Hazardous gypsum materials, such as drywall and other masonry waste, can be classified as such if they include hazardous compounds. Finally, solvent-containing paints, varnishes, adhesives, and sealants will be classified as hazardous waste. It’s vital to know if you’re utilizing any treated materials so you can figure out whether they’re harmful or not, making the process of getting rid of them a lot easier.




Right approach toward construction waste management

Construction waste management can be approached in a variety of ways. The process of handling construction trash extends far beyond the garbage disposal. It is a comprehensive strategy for efficiently utilizing building resources with the goal of reducing waste generation while simultaneously maximizing the use of trash generated.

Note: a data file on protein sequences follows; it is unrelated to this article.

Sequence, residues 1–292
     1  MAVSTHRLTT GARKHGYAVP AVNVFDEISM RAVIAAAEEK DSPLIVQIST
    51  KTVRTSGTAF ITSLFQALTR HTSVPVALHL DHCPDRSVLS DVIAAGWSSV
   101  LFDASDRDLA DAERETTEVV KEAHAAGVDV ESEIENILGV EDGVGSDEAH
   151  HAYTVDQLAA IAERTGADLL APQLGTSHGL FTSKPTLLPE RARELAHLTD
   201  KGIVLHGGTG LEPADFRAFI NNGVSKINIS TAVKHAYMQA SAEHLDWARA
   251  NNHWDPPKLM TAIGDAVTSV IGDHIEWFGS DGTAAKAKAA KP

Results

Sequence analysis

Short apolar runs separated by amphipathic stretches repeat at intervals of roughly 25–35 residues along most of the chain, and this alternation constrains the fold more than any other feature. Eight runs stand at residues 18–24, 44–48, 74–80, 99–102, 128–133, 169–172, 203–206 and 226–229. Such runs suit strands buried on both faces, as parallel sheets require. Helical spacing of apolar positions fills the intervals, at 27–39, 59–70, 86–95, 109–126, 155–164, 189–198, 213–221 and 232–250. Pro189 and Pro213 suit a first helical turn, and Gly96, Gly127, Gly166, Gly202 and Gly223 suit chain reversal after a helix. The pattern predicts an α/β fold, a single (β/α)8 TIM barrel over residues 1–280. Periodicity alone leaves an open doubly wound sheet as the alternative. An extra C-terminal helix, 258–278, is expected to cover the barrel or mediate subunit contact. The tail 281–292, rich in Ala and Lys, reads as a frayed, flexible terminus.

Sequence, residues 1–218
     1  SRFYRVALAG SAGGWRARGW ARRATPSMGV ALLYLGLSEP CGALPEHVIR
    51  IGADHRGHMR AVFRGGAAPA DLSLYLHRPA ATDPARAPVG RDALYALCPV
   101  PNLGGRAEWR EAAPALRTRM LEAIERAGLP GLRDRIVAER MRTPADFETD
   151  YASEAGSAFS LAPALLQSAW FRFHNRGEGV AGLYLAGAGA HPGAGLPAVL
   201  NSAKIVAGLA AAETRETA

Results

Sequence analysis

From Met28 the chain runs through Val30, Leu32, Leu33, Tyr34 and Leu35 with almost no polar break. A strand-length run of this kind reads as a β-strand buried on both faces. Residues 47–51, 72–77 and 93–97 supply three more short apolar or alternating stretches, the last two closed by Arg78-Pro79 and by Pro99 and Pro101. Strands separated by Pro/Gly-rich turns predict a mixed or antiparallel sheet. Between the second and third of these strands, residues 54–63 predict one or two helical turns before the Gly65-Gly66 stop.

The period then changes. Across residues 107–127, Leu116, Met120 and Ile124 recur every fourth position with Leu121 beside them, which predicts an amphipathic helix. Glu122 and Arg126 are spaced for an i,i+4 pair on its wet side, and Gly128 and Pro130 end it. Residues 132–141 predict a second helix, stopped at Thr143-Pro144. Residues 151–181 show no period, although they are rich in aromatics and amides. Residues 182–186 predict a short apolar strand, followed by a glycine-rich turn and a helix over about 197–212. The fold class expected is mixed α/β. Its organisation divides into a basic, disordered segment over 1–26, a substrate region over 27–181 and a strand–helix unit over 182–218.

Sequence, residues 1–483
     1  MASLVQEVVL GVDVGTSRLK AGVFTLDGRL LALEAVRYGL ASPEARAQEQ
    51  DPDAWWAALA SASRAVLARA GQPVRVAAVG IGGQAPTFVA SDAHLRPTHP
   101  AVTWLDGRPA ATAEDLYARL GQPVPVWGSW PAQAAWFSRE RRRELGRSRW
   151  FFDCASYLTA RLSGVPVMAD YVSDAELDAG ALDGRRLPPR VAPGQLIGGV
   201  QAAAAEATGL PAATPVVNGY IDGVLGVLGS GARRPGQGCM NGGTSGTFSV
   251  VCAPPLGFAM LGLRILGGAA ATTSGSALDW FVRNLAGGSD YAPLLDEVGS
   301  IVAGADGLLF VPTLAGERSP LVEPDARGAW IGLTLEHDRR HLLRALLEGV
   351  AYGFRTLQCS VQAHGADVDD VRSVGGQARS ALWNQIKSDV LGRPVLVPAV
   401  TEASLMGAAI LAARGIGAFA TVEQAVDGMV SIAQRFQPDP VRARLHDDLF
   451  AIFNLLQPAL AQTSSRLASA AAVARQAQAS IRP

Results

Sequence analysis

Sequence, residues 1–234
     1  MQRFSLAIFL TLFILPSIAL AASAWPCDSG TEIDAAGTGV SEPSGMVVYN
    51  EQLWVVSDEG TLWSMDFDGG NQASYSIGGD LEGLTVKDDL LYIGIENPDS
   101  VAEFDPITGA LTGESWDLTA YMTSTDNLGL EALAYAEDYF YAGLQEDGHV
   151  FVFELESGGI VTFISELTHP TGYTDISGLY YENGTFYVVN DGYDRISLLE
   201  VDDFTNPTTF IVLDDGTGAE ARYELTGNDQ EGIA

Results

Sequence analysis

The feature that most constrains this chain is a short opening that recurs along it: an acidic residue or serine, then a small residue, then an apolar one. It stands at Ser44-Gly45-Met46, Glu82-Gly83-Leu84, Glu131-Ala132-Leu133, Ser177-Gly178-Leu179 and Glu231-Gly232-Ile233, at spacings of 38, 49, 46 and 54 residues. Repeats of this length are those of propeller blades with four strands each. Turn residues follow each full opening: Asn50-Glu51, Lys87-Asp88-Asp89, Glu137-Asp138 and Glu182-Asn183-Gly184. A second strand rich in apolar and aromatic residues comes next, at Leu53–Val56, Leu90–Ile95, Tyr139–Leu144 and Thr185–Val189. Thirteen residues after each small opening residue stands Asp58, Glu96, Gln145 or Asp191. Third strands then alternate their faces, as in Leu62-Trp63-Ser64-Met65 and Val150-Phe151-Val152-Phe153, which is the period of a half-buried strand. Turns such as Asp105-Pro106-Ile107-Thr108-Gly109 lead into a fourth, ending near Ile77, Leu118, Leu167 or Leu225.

Dumping building trash in landfills is the most popular method of waste management. However, since landfill space has become scarce, the contractor’s landfill disposal fees have risen. In addition, poor material control on construction sites wastes a significant number of materials.

This has spurred the need for waste prevention alternatives, as well as measures to reduce, reuse, and/or recycle waste generated, dubbed the “three Rs” of construction waste management. In keeping with the principles of sustainable construction, a waste hierarchy has been extensively embraced as a guide for construction managers. According to the waste hierarchy,